Sustainability and Wellbeing
"Ensuring healthy lives and promoting well-being at all ages is essential to sustainable development. Currently, the world is facing a global health crisis unlike any other."
Emma Volkert writes on sustainability from the University of Michigan that wellbeing and sustainability are even more closely linked than we realise. From looking after our immediate space as a means of realising our impact on the planet. In the current global pandemic, students are having to study, work and live from their usually limited and isolated space. Amazon has surged with decoration products, often without the long term implication in mind when making these purchases.
"As people who are passionate about living sustainably, we often consider how our actions impact the environment surrounding us. What we can forget, however, is how engaging in sustainable behaviors have a positive effect on us as individuals, too. The health and wellbeing of humans is inseparable from the health of our surrounding environments, and the interactions between the two are complex. Using the U-M Model of Well-being as a guide, we can develop a broader understanding of how the choices we make to care for our planet are also steps to care for ourselves. Like sustainability, wellbeing is an ongoing pursuit that involves personal reflection, support from family and friends, and care from your community.
At its core, environmental well-being means being mindful of the space surrounding you (your bedroom, school, workplace, planet, etc.), how you are impacting that space, and how that space is impacting you. In the context of sustainability, focusing on your environmental wellbeing might encourage you to invest less in accumulating material goods, and invest more in having a space that brings you joy, comfort, and productivity. From Marie Kondo’s “KonMari method” to the Danish art of Hygge, popular messaging surrounding environmental well-being has shifted towards promoting a more minimalist lifestyle. While you may not be able to rid your space of everything that doesn’t spark joy, taking the time to donate excess clothes, take down unnecessary decorative lights, or cut back on the amount of “things” you collect are all sustainable choices that can allow you to create a decluttered and stress-free environment."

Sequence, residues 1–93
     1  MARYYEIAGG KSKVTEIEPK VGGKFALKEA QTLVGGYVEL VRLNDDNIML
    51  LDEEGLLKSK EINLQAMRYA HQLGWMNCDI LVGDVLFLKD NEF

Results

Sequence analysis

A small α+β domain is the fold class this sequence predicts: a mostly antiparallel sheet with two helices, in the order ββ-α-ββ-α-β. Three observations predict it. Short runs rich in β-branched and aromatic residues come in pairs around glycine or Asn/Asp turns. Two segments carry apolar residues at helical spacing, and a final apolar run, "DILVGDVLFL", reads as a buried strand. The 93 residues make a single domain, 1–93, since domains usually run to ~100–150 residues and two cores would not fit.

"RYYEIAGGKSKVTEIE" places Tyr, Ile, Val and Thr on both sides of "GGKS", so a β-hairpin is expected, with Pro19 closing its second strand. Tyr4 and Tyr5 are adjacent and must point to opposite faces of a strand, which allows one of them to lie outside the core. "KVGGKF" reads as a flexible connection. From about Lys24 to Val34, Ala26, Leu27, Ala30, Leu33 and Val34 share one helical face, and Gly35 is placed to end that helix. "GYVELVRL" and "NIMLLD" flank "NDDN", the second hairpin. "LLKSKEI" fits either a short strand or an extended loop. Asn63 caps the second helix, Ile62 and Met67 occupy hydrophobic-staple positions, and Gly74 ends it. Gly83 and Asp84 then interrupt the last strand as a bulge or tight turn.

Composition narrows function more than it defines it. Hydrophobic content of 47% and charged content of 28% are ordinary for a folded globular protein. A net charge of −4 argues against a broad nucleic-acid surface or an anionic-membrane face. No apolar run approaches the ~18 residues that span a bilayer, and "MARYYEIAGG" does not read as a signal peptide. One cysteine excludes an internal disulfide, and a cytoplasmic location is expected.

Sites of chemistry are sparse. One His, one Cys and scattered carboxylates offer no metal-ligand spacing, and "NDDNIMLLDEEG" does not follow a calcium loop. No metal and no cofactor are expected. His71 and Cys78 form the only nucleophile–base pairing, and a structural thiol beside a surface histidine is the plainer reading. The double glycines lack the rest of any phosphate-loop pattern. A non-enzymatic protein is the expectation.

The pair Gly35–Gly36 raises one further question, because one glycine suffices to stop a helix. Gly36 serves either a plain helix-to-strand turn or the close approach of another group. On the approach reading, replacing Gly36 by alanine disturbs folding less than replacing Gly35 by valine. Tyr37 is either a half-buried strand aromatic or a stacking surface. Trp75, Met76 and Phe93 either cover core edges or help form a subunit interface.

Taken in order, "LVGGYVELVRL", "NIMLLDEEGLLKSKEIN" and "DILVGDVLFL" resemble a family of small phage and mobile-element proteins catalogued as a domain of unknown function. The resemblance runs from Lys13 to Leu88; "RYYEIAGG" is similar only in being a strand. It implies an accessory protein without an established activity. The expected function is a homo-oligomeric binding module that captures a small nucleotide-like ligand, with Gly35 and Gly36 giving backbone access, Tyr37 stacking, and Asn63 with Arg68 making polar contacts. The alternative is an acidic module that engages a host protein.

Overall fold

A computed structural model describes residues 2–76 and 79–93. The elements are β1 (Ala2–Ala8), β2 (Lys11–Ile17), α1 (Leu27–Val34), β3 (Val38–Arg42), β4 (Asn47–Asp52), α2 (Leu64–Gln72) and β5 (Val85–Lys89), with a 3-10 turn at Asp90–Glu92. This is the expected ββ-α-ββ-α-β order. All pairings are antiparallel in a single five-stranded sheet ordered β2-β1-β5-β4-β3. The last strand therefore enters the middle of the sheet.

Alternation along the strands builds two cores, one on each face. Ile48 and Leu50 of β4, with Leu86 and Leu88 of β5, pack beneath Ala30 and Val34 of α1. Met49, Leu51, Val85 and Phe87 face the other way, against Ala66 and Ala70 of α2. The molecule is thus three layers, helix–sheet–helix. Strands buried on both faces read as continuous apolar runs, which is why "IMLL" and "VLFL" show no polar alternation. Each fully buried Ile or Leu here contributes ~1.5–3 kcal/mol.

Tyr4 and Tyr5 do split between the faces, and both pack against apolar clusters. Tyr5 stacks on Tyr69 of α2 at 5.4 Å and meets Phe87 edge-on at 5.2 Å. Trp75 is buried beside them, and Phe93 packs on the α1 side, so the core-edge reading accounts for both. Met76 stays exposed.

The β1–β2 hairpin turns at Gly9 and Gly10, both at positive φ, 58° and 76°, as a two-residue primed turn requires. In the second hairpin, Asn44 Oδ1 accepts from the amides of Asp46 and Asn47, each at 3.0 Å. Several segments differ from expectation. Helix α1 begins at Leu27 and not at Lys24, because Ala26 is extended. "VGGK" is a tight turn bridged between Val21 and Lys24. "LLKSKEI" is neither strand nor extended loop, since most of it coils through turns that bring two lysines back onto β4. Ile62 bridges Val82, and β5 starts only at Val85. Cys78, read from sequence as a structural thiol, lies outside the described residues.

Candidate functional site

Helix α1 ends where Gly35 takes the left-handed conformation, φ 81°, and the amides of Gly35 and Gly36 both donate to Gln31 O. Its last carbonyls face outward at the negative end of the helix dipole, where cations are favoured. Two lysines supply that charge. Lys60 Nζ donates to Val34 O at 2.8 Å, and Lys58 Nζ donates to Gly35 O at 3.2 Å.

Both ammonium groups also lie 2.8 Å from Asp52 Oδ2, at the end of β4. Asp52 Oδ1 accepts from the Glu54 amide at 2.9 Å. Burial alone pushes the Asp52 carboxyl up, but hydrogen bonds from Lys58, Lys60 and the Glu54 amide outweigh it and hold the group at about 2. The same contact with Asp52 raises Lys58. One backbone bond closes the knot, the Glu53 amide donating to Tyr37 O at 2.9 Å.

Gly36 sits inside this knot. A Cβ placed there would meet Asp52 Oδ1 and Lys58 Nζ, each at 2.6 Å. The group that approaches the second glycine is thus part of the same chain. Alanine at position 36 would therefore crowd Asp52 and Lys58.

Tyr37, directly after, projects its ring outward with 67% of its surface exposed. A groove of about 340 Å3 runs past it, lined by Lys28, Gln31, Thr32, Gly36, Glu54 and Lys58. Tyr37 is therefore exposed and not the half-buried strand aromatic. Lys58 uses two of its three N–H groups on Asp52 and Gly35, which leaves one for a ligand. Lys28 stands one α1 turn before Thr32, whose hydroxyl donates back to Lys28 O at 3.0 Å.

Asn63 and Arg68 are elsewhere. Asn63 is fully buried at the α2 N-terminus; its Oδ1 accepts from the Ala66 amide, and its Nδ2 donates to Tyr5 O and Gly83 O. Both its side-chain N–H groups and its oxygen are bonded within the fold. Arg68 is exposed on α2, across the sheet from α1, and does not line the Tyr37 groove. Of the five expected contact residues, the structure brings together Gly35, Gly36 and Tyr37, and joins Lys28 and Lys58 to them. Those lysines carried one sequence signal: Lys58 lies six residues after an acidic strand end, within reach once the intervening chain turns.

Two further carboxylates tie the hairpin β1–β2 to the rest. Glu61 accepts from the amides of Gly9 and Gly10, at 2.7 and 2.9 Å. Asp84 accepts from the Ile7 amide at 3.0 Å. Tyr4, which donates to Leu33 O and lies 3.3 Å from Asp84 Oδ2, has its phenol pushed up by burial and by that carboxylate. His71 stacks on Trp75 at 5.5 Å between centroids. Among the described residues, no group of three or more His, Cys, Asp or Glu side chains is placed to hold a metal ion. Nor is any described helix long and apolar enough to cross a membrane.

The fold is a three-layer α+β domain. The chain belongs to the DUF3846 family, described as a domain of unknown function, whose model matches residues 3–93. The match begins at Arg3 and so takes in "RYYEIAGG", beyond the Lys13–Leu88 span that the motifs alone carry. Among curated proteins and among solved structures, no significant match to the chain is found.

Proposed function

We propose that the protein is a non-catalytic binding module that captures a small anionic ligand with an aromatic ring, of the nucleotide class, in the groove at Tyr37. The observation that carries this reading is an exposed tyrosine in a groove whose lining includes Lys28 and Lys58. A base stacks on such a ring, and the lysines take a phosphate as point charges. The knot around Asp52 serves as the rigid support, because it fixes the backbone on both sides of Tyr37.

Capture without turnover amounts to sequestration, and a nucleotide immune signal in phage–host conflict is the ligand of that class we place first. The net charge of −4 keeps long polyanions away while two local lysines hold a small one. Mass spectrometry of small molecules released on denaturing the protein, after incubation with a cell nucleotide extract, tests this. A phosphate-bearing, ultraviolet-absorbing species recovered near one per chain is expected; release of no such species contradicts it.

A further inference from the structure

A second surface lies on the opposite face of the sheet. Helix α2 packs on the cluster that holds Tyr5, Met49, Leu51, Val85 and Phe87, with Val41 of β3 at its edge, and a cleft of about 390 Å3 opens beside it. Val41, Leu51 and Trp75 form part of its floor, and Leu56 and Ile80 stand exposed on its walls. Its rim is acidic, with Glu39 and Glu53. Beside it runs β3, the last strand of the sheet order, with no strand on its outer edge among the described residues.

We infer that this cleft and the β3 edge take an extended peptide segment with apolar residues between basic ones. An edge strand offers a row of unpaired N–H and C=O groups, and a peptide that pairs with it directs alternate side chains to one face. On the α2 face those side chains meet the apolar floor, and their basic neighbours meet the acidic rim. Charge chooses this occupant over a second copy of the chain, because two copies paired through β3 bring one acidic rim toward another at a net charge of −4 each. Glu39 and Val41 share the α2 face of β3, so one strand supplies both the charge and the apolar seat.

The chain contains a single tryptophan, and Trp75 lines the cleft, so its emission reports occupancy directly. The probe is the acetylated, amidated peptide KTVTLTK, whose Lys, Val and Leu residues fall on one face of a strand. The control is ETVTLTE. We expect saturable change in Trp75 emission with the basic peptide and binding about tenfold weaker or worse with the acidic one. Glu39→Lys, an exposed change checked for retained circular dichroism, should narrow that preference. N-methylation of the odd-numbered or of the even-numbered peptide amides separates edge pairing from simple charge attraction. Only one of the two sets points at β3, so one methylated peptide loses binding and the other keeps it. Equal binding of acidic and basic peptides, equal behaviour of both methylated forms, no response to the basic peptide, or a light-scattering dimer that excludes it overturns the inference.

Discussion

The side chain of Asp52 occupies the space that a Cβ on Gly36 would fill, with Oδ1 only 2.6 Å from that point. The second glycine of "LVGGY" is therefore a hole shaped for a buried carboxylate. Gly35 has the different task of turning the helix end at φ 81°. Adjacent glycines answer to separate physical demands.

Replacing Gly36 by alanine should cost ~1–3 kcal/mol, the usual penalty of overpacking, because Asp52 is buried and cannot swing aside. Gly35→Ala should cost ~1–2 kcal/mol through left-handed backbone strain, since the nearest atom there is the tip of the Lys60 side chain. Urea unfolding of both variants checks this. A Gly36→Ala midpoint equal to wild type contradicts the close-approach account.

As students, especially during COVID, where we must work, live and exist in a small space - it can be easy for the spiral of invading materials to take up the limited space in a bid to help 'freshen' up the space. But just as the planet is quickly becoming suffocated by single use and uneccesary plastic, so can a bedroom and study space.
How easy will it be to store and shift those extra belongings we pick up during our studies?
Are they destined for early landfill on the final day of your accommodation contract?